The first thing to note is that Paul does not expect “everyone” to participate. The logistics of having 40 or more people sharing and participating would be impossible for the early Church. A few reasons for this would include: a) Christians had to work, and since they met on Sundays, which was a working day, most of these gatherings took place before or after work, i.e., before sunrise or after sunset. The length of time it would take for each person to participate would make it unlikely b) The word “everyone” should better be translated “each one”, and by that, given the context and content of 1 Cor 12, Paul means “each one” with a gift in a specific area. Thus, teachers (those recognised as having a teaching gift) should share. Prophets, (those with a recognised prophetic gift) should share, if they feel prompted to do so.
So verse 26 is definitely a call for participation, but it is a call to the participation of those with a gift in a particular or specified area. And this list is definitely not exhaustive, because look at how many vital elements are missing. It also means that those with gifts in other areas, won't share in the Christian gathering. Thus, those with the gift of mercy will probably use their gift most of the time outside the community. Those with the gift of administration will be busy before or after the gathering, but probably not during. Again, 1 Cor 12 notes that these gifts are still to be honoured, even though they’re not seen in “corporate” times of worship.
Now, this should also be set within the context that Paul encourages prophecy as a gift available to one and all. And thus, everyone with a word of prophecy should be given an opportunity to share. And if someone with another gift feels they want to share, this should be submitted to the leadership that it may be assessed and encouraged (1 Thess 5:12-22).
[1] Witherington, Conflict and Community in Corinth, pg. 285

[2] Dunn, The Theology of Paul, pg. 583

Tuesday, October 28, 2008

Looking for Two Articles!

Good old SAGE has provided us with free access to articles from various journals. Unfortunately, they are only providing access to journal articles after 1999. I'm in search of these two articles... Anyone who can help me will be readily rewarded with showers of praise and thanksgiving... Please get hold of me on: primalhcc AT gmail DOT com
Patterns of Worship in New Testament Churches : Ralph P. Martin Journal for the Study of the New Testament, Jan 1989; vol. 12: pp. 59 - 85.
The Testing of New Testament Prophecy : John Penney Journal of Pentecostal Theology, Apr 1997; vol. 5: pp. 35 - 84.

Wednesday, October 08, 2008

Hebrew Scriptures & the NT

Chris Tilling asks the important question about how we understand the Hebrew Scriptures. He offers three positions. I'm currently reading David Horrell's guide to 1 Peter. It offers an introduction to "1 Peter", aimed at undergraduate students. He suggests that "1 Peter" is an important text not least for the ways in which it both reflects and constructs early Christian identity, in its relationships with Judaism and the Roman Empire.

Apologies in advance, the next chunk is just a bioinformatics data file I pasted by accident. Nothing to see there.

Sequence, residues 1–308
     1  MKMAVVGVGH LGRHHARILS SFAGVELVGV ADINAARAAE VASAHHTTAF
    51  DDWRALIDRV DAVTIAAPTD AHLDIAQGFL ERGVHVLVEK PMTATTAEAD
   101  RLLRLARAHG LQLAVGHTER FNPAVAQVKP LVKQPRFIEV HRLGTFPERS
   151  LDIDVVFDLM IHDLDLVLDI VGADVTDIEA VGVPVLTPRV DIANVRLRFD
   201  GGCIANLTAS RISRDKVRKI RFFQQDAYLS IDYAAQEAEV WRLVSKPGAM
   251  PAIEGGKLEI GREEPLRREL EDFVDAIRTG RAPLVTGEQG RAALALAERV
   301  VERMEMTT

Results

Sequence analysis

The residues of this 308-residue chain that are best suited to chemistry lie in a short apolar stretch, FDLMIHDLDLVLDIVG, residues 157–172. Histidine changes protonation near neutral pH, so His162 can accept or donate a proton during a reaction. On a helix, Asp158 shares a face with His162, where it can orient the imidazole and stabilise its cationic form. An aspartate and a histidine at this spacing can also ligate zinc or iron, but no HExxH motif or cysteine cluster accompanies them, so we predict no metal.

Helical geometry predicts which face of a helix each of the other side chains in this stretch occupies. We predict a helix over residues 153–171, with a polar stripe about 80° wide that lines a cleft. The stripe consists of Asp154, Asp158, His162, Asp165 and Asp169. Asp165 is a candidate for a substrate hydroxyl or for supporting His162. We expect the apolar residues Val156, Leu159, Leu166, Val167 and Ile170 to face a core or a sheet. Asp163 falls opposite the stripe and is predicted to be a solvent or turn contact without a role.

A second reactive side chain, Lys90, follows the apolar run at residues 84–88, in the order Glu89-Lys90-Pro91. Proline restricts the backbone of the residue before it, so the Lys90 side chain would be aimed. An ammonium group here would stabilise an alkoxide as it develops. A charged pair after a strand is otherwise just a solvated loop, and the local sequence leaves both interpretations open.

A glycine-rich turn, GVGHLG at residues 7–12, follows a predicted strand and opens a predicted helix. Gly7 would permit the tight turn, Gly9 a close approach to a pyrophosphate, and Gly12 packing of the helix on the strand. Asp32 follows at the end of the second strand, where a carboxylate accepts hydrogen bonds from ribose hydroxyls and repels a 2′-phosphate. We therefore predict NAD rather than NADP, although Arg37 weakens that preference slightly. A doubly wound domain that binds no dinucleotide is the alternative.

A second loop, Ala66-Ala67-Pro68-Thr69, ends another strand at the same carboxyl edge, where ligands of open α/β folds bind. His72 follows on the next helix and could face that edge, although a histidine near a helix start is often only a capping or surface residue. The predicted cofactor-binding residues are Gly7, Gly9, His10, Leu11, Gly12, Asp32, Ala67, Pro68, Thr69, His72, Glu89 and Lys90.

I'm about to hit the two important chapters, 4-5, but with regards to Chris' question, Horrell makes this comment:

In effect, this constitutes a claim that the true subject of biblical prophecy – and, by extension, of the Jewish scriptures as a whole – is Christ, and that the fulfilment of what is said by the prophets is found in the Christian gospel and is appropriated by Christian believers. The author of 1 Peter shares with other early Christians the conviction that the coming of Christ marked the beginning of the end-times, the final act in God’s drama of salvation (1:20; cf. 1 Cor. 10:11; Heb. 1:2).

Horrell, 1 Peter, pg. 62-63
My question now arises, if this is the perspective of NT authors, does this mean that we, being those who submit ourselves to the worldview of the NT, have to embrace this view? Assuming we could demonstrate that the authors of the NT held strictly to a Christological interpretation of the Hebrew scriptures, would we be bound to that hermeneutic?
I'm slowly creeping through the pages of Goldingay's offering: Israel's Gospel. I've never been so refreshed and envisioned by these scriptures as I am now. Goldingay has done a tremendous job of showing the dynamic vision presented in the Hebrew narratives. So now I'm stuck, am I constrained to reject his view, because that is not the view of the NT authors?
This is ofcourse a deeply theological question, and those concerned with history only have the freedom to choose their option. But do we?
These thoughts occupy my time... You got any on this matter?

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ME!... So watch out blogosphere...